Author:Scharf, Michael
Position:The Art of International Law - Discussion

Broadcast quarterly, "Talking Foreign Policy" is a one-hour radio program hosted by Case Western Reserve University School of Law Co-Dean Michael Scharf in which experts discuss the salient foreign policy issues of the day. The broadcast on October 7, 2016, addressed international law and art.

Dean Scharf created "Talking Foreign Policy " to break down complex foreign policy topics that are prominent in day-to-day news cycles, yet difficult to understand. "Talking Foreign Policy" is produced in partnership between Case Western Reserve University School of Law, the only U.S. law school with its own foreign policy talk radio program, and WCPN 90.3 ideastream, Cleveland's National Public Radio affiliate. Archived broadcasts are available for viewing in video format online at Foreign-Policy.

This broadcast featured:

* Paul R. Williams, President and co-founder of the Public International Law & Policy Group, who has advised parties to treaty negotiations around the world;

* Mark Ellis, Executive Director of the International Bar Association;

* Bill Schabas, a professor at Middlesex University and a leading expert in human rights law, who has served as a commissioner on two international investigative commissions;

* Shannon French, Director of the Inamori International Center for Ethics and Excellence and an expert on law and morality; and

* Milena Sterio, Associate Dean and Professor of Law at Cleveland-Marshall College of Law, who is also one of the permanent editors of the IntLawGrrls blog and an expert in the field of international law.

Talking Foreign Policy: Art, Diplomacy, and Accountability--October 7, 2016 Broadcast

MICHAEL SCHARF: Welcome to Talking Foreign Policy! I'm your host, Michael Scharf, Dean of Case Western Reserve University School of Law. In this broadcast, our expert panelists will be discussing art, diplomacy, and accountability. Joining us remotely from a studio in Washington, D.C., is Dr. Paul Williams, President of the Public International Law & Policy Group, who has been working on issues of accountability for international crimes in Syria. Good to have you on, Paul!

PAUL WILLIAMS: Thanks, Mike. It's my pleasure.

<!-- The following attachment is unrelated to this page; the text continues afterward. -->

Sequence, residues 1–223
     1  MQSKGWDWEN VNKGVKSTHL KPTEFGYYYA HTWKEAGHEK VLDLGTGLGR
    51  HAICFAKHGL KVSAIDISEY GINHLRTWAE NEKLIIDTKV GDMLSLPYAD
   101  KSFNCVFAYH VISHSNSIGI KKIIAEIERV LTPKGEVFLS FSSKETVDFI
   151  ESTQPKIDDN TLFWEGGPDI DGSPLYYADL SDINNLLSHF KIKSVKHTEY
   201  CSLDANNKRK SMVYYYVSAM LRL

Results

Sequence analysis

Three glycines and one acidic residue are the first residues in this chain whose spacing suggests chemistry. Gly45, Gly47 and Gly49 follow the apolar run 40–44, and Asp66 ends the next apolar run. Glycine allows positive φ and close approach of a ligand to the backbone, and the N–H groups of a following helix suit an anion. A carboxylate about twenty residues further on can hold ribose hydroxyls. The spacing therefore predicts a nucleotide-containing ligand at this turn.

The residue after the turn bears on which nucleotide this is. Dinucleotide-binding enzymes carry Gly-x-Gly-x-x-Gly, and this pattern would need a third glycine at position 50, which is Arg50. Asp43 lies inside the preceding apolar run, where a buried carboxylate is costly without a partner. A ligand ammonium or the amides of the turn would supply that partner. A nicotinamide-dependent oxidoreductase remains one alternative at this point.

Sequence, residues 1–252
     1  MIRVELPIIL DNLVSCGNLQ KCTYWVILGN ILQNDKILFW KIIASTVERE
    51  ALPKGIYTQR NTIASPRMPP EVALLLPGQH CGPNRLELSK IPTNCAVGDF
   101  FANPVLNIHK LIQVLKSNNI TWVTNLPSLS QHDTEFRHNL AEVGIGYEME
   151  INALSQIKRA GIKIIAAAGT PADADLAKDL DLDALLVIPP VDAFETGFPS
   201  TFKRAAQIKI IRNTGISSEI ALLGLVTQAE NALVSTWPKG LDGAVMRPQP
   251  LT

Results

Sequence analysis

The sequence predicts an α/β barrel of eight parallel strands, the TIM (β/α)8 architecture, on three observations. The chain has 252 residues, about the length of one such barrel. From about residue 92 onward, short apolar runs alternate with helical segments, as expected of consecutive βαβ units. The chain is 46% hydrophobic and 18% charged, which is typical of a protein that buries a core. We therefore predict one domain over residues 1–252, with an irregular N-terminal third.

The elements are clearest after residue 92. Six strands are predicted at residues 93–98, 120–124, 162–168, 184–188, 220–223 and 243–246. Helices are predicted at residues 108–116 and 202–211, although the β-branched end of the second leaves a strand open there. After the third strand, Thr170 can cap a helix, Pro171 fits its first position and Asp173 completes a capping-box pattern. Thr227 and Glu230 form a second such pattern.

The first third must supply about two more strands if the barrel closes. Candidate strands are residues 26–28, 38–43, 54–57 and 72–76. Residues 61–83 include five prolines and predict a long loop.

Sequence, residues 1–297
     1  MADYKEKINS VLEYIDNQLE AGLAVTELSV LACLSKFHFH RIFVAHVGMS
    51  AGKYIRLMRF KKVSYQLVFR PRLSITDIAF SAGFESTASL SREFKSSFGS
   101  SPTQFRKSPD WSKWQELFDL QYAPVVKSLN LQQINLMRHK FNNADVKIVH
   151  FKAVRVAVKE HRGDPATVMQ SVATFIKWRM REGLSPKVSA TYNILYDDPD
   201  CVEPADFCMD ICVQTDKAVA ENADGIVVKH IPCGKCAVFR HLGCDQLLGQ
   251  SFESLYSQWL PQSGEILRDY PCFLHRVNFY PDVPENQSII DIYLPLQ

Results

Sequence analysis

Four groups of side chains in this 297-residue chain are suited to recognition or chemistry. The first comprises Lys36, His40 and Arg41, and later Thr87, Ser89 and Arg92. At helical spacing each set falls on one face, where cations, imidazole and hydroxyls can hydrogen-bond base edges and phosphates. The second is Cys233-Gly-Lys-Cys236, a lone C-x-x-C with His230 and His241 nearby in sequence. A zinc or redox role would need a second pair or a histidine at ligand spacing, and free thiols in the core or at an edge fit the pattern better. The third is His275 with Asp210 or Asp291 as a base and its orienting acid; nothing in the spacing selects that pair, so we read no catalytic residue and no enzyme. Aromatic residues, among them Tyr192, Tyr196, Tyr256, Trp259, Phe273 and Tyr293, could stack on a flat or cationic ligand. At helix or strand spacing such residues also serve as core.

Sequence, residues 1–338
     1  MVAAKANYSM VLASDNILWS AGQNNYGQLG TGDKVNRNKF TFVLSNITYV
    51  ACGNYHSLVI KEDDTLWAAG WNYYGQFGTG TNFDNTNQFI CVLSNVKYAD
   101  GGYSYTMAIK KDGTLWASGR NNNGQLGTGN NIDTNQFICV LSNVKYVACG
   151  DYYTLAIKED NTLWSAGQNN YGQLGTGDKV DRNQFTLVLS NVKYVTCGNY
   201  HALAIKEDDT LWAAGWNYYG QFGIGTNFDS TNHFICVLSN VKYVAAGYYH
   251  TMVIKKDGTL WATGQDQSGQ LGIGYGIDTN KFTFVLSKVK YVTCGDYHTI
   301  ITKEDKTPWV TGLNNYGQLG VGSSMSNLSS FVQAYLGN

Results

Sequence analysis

MICHAEL Scharf: Here at the WCPN ideastream studio here in Cleveland, we are joined by Dr. Mark Ellis, Executive Director of the International Bar Association, who is visiting this week from London.

MARK ELLIS: Wonderful to be here.

MICHAEL Scharf: Also with me here in the studio is Professor Bill Schabas of Middlesex University in London, a leading expert in human-rights law, who has served as a commissioner on two international investigative commissions.

BILL Schabas: Thank you for having me.

MICHAEL Scharf: Our panelists also include Dr. Shannon French, with us on the show again. She's the Director of the Inamori International Center for Ethics and Excellence and an expert on law and morality.

SHANNON French: Delighted to be here, Michael.

MICHAEL Scharf: And our final panelist is Professor Milena Sterio, Associate Dean at Cleveland-Marshall College of Law. She is a frequent guest on our show and an expert on international law and policy. Thank you all for being with us today!

In our first segment, we will look into one of history's great, great art disputes, the case of the so-called "Elgin Marbles." At the British Museum, which is just a few Tube stops from Bill Schabas's office in London, millions of people every year visit a famous collection of huge marble statues that once covered the walls of the ancient Greek Parthenon. Bill, can you tell us the story of how these statues, considered the most important examples of ancient Greek art and building design, ended up in the British Museum?

BILL SCHABAS: Sure. Well, around 1800 the British ambassador to Turkey, because Athens and Greece [were] still a part of the Ottoman Empire, decided that he was going to start collecting these marbles off the Parthenon. He originally had a plan just to do drawings of them, but then he got greedier and actually just started ripping them off. He allegedly got permission from the Turkish government, although this is all kind of mired now in the fog of the archives and no one can find a document that actually gave him permission to take them down. He took them all down over a period of about ten years. He took the best of the marbles, about half of them, and shipped them to England. Originally, he was going to put them in his own castle somewhere in Scotland. Later, he sold them successfully to the British government. So now they're placed in the British Museum, about half of them. There are little bits of the marbles from the Parthenon that are in other museums around the world--there are a few pieces in the Louvre, in Paris, and in some German museums--but the bulk of them and the best part of the Parthenon are there in London. (2)